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Thread: Mild or Severe

  1. #1

    Default Mild or Severe

    Hi, How many tics is someone is supposed to have in order for them to be classified as having severe TS? Or is it classified according to how much a person's quality of life is affected? Steph

  2. #2
    Join Date
    Mar 2005
    Location
    Ontario
    Posts
    962

    Default Mild or Severe

    Steph:

    That is a very good question...

    Our Doctor looked for more then one consistently and more then one kind. This means vocal tics and motor tics.

    An individual can be considered to have mild TS to severe TS that disrupts their everyday life depending on how many and how severe and consistent the tics are from what I understand.

    You will find that over a period of time tics will come and go while others will remain for some with no change other then frequency.

    In my son's case he has full blown TS now and is effected my multiple motor tics and the same vocal tics he had as early as age 3 or 4. He also repeats phrases or words and on occasion in public settings will say inappropriate words under his breath. He knows these words are wrong so he manages them by whispering them instead. It is very hard for him and a very good signal for me to remove him from the stress like in a mall setting.

    You will also find that depending on how much rest or sleep someone gets can effect the tics. We are the same way; if I don't rest well it is very hard from me to get through my busy day, things bother me more. In my son's case his tolerance to anxiety, stress and other people can become shorter and things that may not really bother us effect him directly.
    PJK

  3. #3
    Join Date
    Jun 2005
    Location
    St. John's NL
    Posts
    1,147

    Default Mild or Severe

    The type of tics plays a part into the determination of how severe the TS is as well as the degree to which a person's life is impacted by their symptoms.

    This section called tics overview covers the simple versus complex, etc

    In my situation, I grew up with TS and managed through life without knowing why I was like I was... my TS is mild (tics to date have always been simple ones) and the interference of my associated behaviors did not become a big issue until I was an adult and then I had issues in adult relationships (personal and professional) however, for my kids their TS is more severe than mine and their symptoms definitely interfere with the quality of their lives, yet we have met people in our journeys through the TS world since joining the TSFC who have TS even more severe than my boys.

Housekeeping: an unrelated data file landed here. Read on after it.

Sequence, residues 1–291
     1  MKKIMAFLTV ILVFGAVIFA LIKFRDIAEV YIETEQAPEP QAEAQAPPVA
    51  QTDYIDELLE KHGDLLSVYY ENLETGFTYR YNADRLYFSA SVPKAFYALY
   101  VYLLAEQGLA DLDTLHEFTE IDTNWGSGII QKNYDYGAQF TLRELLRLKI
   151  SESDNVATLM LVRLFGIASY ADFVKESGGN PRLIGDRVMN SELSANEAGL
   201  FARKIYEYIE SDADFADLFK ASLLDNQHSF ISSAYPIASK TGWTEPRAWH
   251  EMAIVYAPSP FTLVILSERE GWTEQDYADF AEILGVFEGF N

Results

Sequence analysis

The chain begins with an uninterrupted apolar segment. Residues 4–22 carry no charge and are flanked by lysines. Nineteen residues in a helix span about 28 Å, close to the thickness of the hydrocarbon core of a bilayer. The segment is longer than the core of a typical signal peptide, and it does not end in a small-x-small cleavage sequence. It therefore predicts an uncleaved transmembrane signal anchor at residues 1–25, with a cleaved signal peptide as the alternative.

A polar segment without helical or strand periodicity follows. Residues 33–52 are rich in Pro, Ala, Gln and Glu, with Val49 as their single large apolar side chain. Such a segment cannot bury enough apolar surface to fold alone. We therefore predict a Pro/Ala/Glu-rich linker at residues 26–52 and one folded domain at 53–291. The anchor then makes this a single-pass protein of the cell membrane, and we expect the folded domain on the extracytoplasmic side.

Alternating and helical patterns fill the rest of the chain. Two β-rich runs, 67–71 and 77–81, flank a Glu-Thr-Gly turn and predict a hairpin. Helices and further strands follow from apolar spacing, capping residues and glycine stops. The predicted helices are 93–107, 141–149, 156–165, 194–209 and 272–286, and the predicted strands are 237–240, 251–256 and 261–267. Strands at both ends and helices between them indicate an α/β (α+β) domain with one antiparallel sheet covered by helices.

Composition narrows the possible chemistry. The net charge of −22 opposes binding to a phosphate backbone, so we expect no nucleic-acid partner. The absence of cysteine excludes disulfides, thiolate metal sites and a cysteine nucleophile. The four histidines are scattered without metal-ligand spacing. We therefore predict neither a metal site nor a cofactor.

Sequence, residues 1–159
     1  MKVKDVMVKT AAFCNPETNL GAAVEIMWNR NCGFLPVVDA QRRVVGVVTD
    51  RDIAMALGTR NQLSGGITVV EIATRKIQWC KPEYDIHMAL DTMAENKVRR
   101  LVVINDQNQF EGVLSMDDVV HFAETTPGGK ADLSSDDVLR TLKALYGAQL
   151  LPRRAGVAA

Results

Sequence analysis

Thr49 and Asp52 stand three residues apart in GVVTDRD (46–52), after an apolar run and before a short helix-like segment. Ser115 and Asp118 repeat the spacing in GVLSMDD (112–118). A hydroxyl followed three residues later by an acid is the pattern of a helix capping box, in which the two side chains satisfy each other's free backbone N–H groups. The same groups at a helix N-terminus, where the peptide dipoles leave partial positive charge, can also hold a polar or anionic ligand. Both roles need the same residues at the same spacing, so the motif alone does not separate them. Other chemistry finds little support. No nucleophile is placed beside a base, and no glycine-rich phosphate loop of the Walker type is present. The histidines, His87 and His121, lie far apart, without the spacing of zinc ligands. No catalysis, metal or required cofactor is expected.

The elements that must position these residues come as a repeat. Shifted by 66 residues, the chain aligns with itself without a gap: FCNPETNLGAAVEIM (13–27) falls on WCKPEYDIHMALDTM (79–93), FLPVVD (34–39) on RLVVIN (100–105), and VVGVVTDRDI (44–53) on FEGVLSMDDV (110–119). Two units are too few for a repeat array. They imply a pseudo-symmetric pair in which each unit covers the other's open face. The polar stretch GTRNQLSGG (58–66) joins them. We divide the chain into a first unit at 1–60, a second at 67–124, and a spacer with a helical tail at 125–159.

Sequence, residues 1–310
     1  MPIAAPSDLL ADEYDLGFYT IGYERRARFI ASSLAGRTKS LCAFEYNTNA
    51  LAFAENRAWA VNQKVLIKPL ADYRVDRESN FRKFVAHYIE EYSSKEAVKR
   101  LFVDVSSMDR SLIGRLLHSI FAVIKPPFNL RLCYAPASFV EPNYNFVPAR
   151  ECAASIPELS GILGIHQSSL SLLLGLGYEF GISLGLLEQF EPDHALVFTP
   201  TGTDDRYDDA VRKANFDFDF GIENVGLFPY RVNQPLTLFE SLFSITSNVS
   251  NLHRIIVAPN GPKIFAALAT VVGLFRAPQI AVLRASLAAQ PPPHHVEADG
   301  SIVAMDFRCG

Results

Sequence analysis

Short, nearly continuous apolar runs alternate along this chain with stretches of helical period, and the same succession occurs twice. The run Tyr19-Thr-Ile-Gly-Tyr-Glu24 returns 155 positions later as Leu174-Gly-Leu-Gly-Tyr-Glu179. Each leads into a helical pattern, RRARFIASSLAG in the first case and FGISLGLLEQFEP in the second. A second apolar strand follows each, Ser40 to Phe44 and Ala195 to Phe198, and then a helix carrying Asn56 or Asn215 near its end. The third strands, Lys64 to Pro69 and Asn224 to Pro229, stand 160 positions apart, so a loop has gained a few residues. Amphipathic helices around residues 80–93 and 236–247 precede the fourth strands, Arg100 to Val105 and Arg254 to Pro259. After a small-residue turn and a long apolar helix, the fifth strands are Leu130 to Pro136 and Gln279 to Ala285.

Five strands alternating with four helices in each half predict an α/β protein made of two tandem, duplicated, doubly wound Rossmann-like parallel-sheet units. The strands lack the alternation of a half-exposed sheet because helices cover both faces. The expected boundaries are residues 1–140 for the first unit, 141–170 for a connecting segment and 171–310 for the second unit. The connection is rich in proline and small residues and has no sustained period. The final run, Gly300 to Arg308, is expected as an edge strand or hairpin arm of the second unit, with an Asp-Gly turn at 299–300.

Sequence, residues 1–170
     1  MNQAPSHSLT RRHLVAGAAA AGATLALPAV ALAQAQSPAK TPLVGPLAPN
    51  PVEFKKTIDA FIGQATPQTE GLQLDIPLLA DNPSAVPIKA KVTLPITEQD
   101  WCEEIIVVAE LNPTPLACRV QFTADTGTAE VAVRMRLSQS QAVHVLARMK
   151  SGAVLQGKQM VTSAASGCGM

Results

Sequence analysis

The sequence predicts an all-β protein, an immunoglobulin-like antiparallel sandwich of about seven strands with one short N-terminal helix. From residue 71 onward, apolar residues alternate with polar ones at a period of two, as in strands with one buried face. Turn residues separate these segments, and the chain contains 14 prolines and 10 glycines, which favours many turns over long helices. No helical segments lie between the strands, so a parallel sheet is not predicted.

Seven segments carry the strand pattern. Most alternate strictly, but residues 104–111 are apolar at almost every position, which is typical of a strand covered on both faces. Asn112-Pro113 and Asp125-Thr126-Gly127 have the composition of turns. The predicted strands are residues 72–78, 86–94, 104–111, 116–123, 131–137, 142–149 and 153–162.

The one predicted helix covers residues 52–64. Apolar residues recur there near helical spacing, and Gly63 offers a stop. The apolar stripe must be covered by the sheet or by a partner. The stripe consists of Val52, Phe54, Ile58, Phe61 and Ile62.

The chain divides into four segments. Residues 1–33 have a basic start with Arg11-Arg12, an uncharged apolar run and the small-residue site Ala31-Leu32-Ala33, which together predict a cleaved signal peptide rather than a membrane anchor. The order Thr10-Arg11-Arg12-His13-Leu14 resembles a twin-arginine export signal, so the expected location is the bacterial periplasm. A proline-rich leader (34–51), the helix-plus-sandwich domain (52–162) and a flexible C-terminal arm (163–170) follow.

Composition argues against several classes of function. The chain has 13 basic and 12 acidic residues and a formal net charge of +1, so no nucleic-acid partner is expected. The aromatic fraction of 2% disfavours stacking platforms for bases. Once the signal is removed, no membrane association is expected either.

Janet, mom of 4

    TSFC Homepage


    "Intelligence is always increasing; accommodation allows your intelligence to do what it has always done." Cassie Green, Washington College

  4. #4

    Default Mild or Severe

    PJK

    Can I ask you how old your child is now? My son started having tics by the age of 3 years old. He is now 7 and can do 3 different tics. At this time he blinks, looks over his shoulder and hops. I'm wondering if I can expect them to get progressively worse since I always read that they peeks in their early teens. Since your son started as young as mine I was curious how long it took for your child to have full blown TS.

  5. #5
    Join Date
    Mar 2005
    Location
    Ontario
    Posts
    962

    Default Mild or Severe

    Sandi:

    My son's TS evolved from age 3 to now 12 -1/2.

    Mostly vocal tics and always one stayed around while others would show up, last for a month or two and then go.

    The motor tics existed early too but were mild like wrist twisting and eye rolling or blinking.

    He also has sensory issues that effect his daily life.

    Unfortunately you can not compare your child with mine because they are all very different. My son has experienced trauma that caused his TS to become full blown to observers.
    Now that he is out of that environment and more settled we see some vocal tics, repeating of words, and more due to anxiety disorder he can say "whisper" inappropriate words in public since he has trouble dealing with large crowds.
    PJK

  6. #6

    Default Mild or Severe

    You are so right about not comparing children. I work with developmentally delayed children so I can relate; however when you just don't know what to expect you want some idea of what to expect, anything at all. I'm still mystified with the fact that my son's symptons have come and gone (except for the tics).

  7. #7
    Join Date
    Apr 2005
    Location
    Ottawa, Canada
    Posts
    5,886

    Default Mild or Severe

    still mystified with the fact that my son's symptoms have come and gone (except for the tics).
    A hallmark of Tourette is that tics wax and wane during the year, season to season and over a lifetime.

    Some tics seem to last a lifetime while others subside and new ones emerge.

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